The service did not exist for the 1.7 million people in the county’s unincorporated areas until Sheriff Garcia convinced Commissioners Court during an employee hiring freeze in 2011 to fund positions for three county teams. The Sheriff’s Office now has 11 teams and will launch the 12th this month.

Since its October 2011 start, HCSO CIRT has responded to 7,861 calls for service. In 2,798 cases, a subject was taken for treatment under an emergency detention order to the MHMRA NeuroPsychiatric Center, Harris Health’s Ben Taub Hospital, a Veterans Administration facility or private care facility, such as a Memorial Hermann Mental Health Crisis Clinic.

In 1,020 of the instances involving emergency care, the subjects would have been charged and jailed for violations such as trespassing or criminal mischief if CIRT had not existed. These diversions to care have saved taxpayers at least $1.1 million in jail costs and perhaps many more millions of dollars depending on how long each person would have had to stay behind bars.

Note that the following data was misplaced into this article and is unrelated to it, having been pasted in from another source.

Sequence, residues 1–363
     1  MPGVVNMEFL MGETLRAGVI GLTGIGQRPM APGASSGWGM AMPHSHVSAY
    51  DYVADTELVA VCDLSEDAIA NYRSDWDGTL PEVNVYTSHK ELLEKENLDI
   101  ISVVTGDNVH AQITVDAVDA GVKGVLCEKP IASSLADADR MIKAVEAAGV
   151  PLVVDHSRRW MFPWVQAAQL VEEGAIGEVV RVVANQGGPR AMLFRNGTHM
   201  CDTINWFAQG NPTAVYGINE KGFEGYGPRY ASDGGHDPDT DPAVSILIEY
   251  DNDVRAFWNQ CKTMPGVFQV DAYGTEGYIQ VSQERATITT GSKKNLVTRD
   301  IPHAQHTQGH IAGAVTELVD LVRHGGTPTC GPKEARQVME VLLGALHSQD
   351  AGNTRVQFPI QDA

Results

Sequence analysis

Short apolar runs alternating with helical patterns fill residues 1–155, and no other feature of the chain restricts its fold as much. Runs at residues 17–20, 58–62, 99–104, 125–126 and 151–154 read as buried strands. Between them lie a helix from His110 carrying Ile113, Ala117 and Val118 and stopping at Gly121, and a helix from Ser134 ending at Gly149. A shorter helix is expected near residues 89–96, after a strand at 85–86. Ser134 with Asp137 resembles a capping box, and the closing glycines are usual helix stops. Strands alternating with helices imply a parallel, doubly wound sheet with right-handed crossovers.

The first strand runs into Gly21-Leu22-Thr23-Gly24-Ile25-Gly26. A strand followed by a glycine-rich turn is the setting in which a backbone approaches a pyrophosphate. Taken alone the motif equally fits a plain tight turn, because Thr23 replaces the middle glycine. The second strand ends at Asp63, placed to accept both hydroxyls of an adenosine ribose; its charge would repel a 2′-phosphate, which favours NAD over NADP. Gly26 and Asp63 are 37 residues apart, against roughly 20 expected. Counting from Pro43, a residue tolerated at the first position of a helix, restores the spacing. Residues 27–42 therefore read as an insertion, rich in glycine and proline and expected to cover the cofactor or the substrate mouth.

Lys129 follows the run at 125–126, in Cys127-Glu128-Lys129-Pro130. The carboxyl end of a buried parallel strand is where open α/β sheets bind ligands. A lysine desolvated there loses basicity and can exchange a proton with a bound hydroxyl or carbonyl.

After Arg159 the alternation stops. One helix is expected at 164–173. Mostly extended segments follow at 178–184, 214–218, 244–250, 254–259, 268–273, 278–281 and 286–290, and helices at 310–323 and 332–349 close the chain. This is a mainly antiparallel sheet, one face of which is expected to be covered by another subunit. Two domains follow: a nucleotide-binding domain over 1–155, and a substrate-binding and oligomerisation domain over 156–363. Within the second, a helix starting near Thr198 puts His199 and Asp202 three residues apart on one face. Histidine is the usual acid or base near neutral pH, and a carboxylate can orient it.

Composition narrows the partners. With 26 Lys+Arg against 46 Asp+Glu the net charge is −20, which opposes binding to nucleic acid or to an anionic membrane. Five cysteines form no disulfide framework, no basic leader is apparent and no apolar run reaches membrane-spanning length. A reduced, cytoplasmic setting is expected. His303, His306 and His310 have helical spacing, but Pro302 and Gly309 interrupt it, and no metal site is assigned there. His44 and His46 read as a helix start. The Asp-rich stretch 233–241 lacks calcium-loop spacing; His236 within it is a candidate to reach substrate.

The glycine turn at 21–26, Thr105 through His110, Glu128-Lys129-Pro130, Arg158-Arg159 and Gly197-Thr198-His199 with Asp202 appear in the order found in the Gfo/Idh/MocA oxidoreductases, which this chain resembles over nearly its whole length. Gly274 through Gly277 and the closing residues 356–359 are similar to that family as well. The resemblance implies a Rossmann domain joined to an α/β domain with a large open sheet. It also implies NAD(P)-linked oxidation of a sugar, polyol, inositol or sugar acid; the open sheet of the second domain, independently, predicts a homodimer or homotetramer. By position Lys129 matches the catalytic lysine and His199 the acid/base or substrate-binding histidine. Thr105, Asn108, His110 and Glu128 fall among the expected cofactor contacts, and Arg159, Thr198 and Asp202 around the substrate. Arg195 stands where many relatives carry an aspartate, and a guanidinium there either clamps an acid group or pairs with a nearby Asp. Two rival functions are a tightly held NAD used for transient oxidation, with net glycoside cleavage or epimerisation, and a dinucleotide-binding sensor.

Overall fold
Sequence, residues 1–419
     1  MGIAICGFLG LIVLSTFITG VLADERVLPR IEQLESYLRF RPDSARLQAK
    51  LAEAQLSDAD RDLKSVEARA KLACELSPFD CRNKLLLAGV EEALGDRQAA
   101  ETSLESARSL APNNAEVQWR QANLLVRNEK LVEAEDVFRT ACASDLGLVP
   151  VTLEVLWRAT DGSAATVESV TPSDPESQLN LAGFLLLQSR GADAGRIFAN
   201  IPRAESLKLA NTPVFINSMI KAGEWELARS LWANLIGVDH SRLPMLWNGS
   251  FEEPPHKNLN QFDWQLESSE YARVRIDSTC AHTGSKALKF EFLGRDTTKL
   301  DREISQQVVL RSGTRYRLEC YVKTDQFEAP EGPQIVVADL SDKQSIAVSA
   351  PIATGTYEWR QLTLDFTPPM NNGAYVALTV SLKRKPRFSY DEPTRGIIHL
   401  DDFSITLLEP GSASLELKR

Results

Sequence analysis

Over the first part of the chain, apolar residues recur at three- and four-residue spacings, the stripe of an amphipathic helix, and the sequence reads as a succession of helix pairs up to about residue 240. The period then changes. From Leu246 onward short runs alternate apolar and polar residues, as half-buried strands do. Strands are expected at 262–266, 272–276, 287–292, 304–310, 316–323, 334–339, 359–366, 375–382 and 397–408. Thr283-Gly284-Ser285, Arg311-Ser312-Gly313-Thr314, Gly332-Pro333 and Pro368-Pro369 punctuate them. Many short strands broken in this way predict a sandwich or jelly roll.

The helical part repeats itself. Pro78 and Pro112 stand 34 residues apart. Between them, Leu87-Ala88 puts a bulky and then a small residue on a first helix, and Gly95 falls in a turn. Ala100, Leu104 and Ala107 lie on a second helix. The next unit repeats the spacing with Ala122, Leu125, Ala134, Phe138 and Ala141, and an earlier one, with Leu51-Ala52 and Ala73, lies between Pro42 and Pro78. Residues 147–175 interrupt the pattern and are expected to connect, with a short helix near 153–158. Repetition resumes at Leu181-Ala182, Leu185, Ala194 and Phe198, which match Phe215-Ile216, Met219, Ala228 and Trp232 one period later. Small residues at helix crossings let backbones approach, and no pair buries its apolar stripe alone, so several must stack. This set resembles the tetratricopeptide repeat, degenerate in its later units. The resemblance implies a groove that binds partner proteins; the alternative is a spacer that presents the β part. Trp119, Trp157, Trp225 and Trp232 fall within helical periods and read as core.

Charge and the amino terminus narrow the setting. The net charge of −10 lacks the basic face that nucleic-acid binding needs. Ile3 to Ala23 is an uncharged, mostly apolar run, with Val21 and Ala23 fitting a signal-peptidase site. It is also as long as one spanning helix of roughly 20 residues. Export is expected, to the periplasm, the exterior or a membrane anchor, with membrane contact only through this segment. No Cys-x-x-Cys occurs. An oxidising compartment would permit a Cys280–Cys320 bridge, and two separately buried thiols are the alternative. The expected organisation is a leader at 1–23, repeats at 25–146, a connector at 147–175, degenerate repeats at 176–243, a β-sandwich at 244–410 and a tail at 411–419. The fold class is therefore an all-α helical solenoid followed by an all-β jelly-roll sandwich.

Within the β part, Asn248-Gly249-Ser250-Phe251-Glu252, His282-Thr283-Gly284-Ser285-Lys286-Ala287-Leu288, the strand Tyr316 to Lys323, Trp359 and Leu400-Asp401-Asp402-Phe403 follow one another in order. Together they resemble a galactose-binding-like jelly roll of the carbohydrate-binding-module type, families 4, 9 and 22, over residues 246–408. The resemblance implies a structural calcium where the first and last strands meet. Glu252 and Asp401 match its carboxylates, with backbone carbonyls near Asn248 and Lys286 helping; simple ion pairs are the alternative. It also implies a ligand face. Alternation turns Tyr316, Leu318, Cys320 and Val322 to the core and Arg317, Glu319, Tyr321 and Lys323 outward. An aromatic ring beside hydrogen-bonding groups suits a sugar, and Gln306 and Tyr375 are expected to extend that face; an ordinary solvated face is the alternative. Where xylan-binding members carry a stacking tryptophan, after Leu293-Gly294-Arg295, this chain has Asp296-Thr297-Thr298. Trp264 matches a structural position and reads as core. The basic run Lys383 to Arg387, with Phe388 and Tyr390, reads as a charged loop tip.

The sheriff’s staff has worked closely with all entities listed above to expand and improve the program.

“Look at the results,” Sheriff Garcia said. “Obviously this service was desperately needed for all of Harris County. While we try to serve the community in every way possible, especially when there’s an emergency, people with mental illness are just that – ill people. Whenever possible, illness should be dealt with by medical professionals first, not correctional facilities.”

When CIRT responses do not lead to emergency treatment or arrest, cases are often resolved by placing subjects in the care of families and their physicians.

The sheriff emphasized that during an emergency mental health crisis, witnesses or the person with the illness should call 911 for a law enforcement response only when the crisis might involve the commission of a crime. In emergency cases that do not involve a crime, options include calling MHMRA toll-free at 866-970-4770 or the Crisis Intervention of Houston at 713-HOTLINE (468-5463). The Mental Health Association of Greater Houston offers a non-emergency referral service at 713-523-8963.

Mental Illness Awareness Coalition’s Capitol Day 2/28/13

Details: Thursday, February 28th, 2013